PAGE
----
While cleaning my house one day, I thought about those words and how they may relate to the pain of life that we often experience. When we are going through heavy trials and tribulations, it doesn’t feel good, and we want them all gone – get to the other side – and feel good again. We want the  “Stink-stink all gone” – NOW! Wouldn’t it be wonderful if we could wrap the stink of our lives in a soiled pamper and discard it forever? It would be nice to put our stinky troubles behind us that easily – but would we really learn anything from our mistakes?


The stink of violence, abuse, molestation, murder, and many other social ills plague our minds and hearts daily; causing many to despair of life itself. A woman enduring domestic violence and abuse lives with the stink of dominance and control – day after day. If she is fortunate to survive and free herself from the violence, the painful stink will be a part of her life forever.

Since we cannot run away from our memories, and the triggers that remind us of the stink we desire to forget, how do we move on? How do the abused get on with life, and put the abuse behind them? Is it easy to feel good about yourself ever again – if you ever did in the first place? Is it possible for children who witnessed domestic violence to live “normal” lives? By the way, what exactly is “normal?”


As a survivor of domestic violence, spiritual abuse, economic injustice and growing up with violent drunks, I can honestly admit, the road to recovery isn’t an easy one. By the Grace of God, each day I strive to learn more about myself and my feelings, and try to put the stink behind me. I have also concluded that the stink of child molestation will never leave me, however, I believe that God can transform the “stink-stink” of my past, and trade me beauty for ashes:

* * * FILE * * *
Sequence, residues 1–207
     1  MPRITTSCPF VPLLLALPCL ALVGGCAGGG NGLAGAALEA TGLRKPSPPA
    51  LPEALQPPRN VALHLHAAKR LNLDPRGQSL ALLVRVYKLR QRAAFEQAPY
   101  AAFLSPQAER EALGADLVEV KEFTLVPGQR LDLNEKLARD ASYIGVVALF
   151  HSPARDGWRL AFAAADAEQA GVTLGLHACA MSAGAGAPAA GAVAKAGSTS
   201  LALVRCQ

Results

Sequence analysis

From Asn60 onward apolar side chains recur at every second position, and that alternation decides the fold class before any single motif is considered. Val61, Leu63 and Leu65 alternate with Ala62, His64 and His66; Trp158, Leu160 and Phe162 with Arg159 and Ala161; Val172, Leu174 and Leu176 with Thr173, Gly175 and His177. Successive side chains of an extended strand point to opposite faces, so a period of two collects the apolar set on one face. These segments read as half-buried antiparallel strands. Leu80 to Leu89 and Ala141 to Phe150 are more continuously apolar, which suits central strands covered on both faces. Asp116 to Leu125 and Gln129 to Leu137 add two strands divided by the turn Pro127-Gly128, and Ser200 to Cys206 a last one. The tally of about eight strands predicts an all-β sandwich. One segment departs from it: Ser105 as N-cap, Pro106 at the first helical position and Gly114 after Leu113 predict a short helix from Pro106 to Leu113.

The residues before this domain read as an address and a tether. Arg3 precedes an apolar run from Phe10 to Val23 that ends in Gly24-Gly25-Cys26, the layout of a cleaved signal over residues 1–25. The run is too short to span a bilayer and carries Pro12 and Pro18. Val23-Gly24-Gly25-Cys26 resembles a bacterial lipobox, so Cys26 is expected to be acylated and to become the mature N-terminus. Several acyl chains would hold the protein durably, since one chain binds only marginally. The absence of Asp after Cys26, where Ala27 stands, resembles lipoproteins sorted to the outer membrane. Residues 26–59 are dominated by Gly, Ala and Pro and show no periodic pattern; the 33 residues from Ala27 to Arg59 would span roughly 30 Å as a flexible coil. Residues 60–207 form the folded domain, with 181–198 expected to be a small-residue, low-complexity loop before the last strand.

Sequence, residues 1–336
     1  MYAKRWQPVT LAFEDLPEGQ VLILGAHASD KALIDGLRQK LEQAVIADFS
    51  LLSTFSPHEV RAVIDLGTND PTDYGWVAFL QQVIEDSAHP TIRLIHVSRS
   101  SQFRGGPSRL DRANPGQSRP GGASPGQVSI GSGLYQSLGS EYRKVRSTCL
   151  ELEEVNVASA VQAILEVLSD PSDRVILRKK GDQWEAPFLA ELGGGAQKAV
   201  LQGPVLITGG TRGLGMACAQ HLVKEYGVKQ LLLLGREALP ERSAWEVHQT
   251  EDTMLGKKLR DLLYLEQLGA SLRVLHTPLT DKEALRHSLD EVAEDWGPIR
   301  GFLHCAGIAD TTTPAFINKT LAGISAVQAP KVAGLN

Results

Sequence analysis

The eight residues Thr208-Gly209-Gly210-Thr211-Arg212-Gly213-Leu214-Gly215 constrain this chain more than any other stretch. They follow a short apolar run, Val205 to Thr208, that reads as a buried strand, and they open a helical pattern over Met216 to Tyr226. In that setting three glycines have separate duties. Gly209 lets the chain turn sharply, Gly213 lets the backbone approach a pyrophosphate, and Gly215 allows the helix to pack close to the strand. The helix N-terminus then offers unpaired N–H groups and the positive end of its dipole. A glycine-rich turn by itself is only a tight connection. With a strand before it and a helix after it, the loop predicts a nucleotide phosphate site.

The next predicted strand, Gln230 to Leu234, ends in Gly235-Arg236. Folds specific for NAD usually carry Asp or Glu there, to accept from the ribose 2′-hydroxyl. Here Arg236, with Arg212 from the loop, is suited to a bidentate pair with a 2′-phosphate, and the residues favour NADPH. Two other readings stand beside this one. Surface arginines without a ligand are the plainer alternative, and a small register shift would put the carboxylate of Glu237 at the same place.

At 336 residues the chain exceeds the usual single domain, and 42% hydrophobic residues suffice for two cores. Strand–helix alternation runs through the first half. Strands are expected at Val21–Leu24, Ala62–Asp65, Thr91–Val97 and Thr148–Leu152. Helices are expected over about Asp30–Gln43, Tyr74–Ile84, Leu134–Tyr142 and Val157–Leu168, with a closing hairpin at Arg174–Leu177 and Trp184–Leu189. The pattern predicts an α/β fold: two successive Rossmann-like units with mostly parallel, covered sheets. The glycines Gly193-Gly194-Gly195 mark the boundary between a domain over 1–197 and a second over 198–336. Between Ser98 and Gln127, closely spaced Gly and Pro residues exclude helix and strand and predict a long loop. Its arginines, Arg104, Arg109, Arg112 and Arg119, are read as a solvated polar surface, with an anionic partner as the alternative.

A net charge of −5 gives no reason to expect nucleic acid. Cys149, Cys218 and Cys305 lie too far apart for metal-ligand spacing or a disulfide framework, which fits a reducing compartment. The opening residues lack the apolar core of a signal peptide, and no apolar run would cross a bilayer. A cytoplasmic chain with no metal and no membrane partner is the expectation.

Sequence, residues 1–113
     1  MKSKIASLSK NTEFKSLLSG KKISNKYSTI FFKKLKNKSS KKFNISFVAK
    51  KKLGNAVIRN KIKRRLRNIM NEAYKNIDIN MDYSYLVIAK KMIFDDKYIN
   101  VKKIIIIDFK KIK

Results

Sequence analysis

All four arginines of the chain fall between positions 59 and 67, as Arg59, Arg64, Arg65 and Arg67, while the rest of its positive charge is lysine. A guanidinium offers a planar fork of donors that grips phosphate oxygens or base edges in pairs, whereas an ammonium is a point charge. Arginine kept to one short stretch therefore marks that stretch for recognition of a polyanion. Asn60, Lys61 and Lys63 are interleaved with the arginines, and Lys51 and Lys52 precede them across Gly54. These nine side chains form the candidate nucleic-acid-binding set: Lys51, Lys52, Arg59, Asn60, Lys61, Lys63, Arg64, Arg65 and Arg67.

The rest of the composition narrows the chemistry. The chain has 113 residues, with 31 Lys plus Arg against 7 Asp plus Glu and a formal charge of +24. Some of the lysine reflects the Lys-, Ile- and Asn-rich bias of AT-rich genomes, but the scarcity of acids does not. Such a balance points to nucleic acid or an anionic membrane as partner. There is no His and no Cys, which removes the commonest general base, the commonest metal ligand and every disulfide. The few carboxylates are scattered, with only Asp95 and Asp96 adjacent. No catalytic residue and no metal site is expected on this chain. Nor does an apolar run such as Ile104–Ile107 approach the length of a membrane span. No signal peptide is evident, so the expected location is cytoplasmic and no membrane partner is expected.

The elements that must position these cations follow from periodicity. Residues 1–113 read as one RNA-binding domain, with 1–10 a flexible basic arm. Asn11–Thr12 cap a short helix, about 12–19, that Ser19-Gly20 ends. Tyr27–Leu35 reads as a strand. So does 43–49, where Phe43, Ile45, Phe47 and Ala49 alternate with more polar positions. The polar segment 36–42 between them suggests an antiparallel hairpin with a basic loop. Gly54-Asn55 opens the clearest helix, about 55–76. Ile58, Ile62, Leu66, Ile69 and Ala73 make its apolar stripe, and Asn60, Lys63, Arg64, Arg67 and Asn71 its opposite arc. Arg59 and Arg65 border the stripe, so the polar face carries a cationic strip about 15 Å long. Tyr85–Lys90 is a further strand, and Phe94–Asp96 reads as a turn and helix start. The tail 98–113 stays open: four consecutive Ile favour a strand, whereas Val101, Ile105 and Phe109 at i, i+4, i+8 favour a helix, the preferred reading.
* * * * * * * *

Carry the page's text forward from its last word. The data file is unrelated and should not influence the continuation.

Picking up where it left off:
“He has sent me to tell those who mourn that the time of the LORD’s favor has come, and with it, the day of God’s anger against their enemies.” (Isaiah 61:2 – New Living Translation)

”To appoint unto them that mourn in Zion, to give unto them beauty for ashes, the oil of joy for mourning, the garment of praise for the spirit of heaviness; that they might be called trees of righteousness, the planting of the LORD, that he might be glorified.” (Isaiah 61:1 – King James Version)

And what is the key? “Blessed is the man [or woman] who trusts in the LORD And whose trust is the LORD.” (Jeremiah 17:7 – New American Standard Bible)


The only way to the other side of the stink is by trusting God. But know this; you can’t trust the God of heaven if you don’t know anything about Him. By reading His Word – the Holy Bible, this is where we learn His true heart; and His desire for an intimate relationship with each and every one of us. Start with the Psalms, and see how King David learned to lean on and trust Almighty God: